Children’s perspectives on play
Children’s perspectives on play

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Children’s perspectives on play

4.1 Views on play and creativity

Throughout this course you have been asked to think about your own understanding, values and beliefs about children’s play and creativity. In this final activity, you have the opportunity to consolidate your thinking by listening to the views and personal positions of two people working in the field of early childhood.

Activity 4

Timing: Allow 1 hour to complete this activity

By the time you have completed this activity, you should be able to:

  • describe how a personal position can be translated into supporting young children.

Watch the video of the nursery in central London and listen to Sarah’s personal position about the importance of play and how she defends it through what happens in her early childhood setting.

Download this video clip.Video player: Provision at ‘stay and play’
Skip transcript: Provision at ‘stay and play’

Transcript: Provision at ‘stay and play’

What is it?
Everything that they could possibly need for physical play, creative play, small block work is there. They don't have to ask for it. It's there in some form or another. They can be very quiet and go to a quiet area and read books, or they can run around in the garden. The whole curriculum is there, and that's what's important.
Children don't have to ask, parents don't have to ask. It's there. And the idea is that children access themselves. The baskets are small enough for children to pick down, so they're independent, they're confident, and they're making choices. And that's what makes a happy child. And hopefully when they go on to the next setting they've got those skills. And for us that would be what we want – children that are happy and busy, and exploring and interested.
End transcript: Provision at ‘stay and play’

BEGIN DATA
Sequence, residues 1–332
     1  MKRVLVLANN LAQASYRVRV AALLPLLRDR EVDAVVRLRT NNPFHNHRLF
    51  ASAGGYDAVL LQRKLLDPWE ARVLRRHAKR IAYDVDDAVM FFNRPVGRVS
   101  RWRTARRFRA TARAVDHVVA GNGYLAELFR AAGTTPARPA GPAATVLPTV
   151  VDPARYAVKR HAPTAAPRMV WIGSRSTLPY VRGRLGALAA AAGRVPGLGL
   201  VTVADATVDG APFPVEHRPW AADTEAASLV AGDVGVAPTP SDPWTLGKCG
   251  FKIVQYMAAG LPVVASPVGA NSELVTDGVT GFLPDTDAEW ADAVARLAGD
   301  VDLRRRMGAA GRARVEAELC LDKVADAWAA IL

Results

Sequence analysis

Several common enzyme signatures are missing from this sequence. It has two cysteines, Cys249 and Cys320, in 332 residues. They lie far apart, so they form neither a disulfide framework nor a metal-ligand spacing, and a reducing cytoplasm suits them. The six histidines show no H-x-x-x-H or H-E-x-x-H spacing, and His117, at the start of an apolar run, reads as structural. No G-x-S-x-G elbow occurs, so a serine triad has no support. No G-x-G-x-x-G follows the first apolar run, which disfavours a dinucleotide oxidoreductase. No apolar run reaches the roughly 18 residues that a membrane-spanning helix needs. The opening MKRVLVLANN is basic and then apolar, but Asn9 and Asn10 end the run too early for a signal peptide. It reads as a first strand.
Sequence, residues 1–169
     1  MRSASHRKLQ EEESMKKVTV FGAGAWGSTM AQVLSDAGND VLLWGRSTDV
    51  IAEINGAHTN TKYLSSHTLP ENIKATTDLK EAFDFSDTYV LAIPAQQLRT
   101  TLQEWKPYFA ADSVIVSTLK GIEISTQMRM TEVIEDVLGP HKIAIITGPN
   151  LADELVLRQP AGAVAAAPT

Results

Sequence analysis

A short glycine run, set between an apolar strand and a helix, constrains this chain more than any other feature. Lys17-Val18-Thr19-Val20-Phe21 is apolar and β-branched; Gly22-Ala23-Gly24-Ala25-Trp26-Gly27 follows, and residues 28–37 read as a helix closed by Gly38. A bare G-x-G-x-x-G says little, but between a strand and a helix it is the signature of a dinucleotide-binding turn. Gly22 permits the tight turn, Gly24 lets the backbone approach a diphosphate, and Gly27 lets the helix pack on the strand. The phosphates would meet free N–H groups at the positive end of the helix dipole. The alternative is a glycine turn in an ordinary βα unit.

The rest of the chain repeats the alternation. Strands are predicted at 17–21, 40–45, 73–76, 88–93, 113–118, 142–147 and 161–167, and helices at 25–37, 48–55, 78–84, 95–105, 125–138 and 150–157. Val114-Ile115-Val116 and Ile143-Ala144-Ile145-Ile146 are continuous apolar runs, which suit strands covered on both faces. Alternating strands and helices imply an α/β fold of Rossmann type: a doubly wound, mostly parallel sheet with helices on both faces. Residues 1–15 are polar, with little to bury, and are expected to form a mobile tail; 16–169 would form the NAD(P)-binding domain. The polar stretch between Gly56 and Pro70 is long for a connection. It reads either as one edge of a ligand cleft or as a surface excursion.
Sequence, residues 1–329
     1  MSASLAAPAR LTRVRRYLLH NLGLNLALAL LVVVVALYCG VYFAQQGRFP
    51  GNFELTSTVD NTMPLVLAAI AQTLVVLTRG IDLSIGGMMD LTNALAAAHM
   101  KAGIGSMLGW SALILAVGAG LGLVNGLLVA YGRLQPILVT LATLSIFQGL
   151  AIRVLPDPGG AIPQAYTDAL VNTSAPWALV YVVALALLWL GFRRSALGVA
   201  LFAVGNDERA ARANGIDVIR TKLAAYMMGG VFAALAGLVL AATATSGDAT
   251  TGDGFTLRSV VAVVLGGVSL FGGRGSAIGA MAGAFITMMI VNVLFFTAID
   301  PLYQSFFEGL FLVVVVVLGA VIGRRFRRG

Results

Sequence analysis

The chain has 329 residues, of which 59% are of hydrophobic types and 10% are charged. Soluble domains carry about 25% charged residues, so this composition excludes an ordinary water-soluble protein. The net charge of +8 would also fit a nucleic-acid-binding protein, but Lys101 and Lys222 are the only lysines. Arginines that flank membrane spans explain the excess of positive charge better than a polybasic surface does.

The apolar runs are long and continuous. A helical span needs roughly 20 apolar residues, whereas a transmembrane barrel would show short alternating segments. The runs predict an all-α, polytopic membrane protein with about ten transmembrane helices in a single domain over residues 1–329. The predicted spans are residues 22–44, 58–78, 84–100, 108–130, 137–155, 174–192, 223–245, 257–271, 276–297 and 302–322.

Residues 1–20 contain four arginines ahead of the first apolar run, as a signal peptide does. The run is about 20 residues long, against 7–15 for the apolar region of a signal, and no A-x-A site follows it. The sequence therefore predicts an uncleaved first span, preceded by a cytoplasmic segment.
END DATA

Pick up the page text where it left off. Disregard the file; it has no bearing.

Provision at ‘stay and play’
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Now watch the video of Morag talking about her views on ‘purposeful play’. Morag is the head teacher of a primary school in Fife, Scotland, so, as you would expect, her personal position is mindful of children’s learning and development.

Download this video clip.Video player: Exploring in Primary 1
Skip transcript: Exploring in Primary 1

Transcript: Exploring in Primary 1

21, 22, 23, 24, 25, 26.
Purposeful play is very important. It is probably the most effective way of encouraging children to learn at the early level. There has to be a balanced approach, and we very much take a balanced view in Primary 1. For your children there is a place for skill and drill, of course there is, but children need time to explore, they need time to be creative, and to make choices.
And I think that is so important in the Primary 1 setting. If they aren't given these opportunities to explore, really, you know, everything else you might as well just stop, because really, if they don't have that, and they don't have those firm foundations, you know, then everything else becomes a challenge for them later on in their school career.
End transcript: Exploring in Primary 1
Exploring in Primary 1
Interactive feature not available in single page view (see it in standard view).

Relate Sarah and Morag’s views to the questions in the grid. The questions are based on what Sarah and Morag say when they are talking about the significance of play and creativity.

QuestionsSarah’s positionMorag’s position
What emotions do you feel when hearing Sarah’s and Morag’s responses about the significance of play to them and to the children and families they support?
How are Sarah’s and Morag’s responses represented in the brief glimpse you have of their settings?
What impression do you have of the ability of Sarah and Morag to talk about and share their positions on play?
How do you think their position has been informed by literature, theory or ‘expert opinion’ to inform their understanding and knowledge?
Words: 0
Interactive feature not available in single page view (see it in standard view).


Putting yourself in someone else’s shoes to consider their position or perspective on something is indeed a skill. You have to forget what you would do, think or say, and consider where the other person is coming from. The ability to do this relies on having an open mind and a non-judgemental approach. This is not easy, especially when you find yourself facing challenges to long-held opinions about children’s play and creativity. Perhaps you can use your responses to the questions about the videos as starting points for reflection on your personal position and see whether this leads you to bring about changes to the way you approach supporting young children’s play and creativity.


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